When it comes to talking to your kids about political matters, you may think that your 8-year-old would rather be playing video games or that your 14-year-old would prefer texting friends — but you might be wrong.
Prior to the 2008 presidential election, KidsHealth.org asked more than 2,000 kids and teens throughout the U.S. what they thought about the election and how it might affect them, if at all.
A whopping 75% of kids and 79% of teens answered "yes" when asked whether they thought that the outcome of the election would change their lives. Nearly half of teens surveyed said that they believed they'd had at least some influence on their parents' choice of candidate.
So, if you think your children are only interested in talking about kids' stuff, think again.
As presidential election time approaches again in 2012, we’ll be seeing signs, bumper stickers, or ads for political candidates everywhere. Turn on the TV or radio or surf the Web and you're sure to face an onslaught of messages on everything from health care, the economy, jobs, and housing, to war abroad and the energy crisis.
As parents, we can't expect our kids not to be influenced by this media blitz. In fact, most teens who took our election poll in 2008 ranked talked-about issues — like gas and food prices, education, health care, war, and the environment — as "very important" to them.
Knowing what kids think about these issues and how they might affect your family is important. Talking about it not only helps to promote learning and develop critical thinking skills, but also lets you clarify any misconceptions your kids may have or calm any fears about the future.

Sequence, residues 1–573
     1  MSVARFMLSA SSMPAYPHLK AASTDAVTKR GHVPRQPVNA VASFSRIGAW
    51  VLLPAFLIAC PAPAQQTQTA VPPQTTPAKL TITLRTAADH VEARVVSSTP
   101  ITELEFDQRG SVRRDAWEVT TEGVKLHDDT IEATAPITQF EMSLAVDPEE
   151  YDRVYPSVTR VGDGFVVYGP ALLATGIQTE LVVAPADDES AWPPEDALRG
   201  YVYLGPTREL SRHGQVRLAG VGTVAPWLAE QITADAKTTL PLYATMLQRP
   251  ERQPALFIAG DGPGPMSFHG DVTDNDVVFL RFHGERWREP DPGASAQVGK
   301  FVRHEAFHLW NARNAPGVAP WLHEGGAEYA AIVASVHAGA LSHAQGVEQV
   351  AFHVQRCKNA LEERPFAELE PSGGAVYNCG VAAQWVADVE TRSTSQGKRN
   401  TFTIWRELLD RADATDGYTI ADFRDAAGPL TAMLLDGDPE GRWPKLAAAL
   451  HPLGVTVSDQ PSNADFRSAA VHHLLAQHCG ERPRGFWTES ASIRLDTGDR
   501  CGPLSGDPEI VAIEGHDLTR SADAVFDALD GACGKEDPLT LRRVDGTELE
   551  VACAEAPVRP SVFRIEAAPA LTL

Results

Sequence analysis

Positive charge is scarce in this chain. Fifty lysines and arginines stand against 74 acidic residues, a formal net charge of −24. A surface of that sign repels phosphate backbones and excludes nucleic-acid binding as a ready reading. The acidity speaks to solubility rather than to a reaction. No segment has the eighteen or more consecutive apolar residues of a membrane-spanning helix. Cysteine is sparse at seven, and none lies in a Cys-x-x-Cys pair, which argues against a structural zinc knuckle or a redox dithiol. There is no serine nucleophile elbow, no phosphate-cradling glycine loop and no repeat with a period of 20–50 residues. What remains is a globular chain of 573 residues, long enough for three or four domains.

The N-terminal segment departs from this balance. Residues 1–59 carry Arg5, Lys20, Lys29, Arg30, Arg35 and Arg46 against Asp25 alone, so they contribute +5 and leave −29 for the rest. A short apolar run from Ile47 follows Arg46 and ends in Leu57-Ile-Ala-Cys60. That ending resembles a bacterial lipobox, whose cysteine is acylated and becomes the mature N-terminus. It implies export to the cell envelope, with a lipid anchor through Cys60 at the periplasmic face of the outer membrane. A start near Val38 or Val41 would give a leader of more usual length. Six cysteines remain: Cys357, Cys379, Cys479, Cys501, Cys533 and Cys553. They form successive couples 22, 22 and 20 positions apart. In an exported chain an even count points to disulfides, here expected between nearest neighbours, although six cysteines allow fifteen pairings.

When discussing an election, talk about what you believe and why — and ask your kids what they think and feel. This shows that you value their opinions and want to hear what's on their minds.
If their opinions differ from yours, that's OK. Use it as a teaching opportunity: Why do they feel that way? Can they come up with examples to support their view? Engaging kids in this way helps them to develop their own opinions and express their ideas.
More tips to keep in mind:
Talking with your kids about important issues, the electoral process, and why voting is important not only provides them with a mini lesson on how government affects the world, but also shows that every person's opinion counts. Even though they can't vote yet, they'll be able to someday — perhaps very soon — so it's important that they start becoming informed.
If possible, take your kids with you into the voting booth on Election Day to show them firsthand how the process works. Be a role model by setting a positive example that lets them know you value the right to vote. Show your kids the importance of voting — and they'll grow up knowing that every vote counts.
Reviewed by: D'Arcy Lyness, PhD
Date reviewed: January 2012
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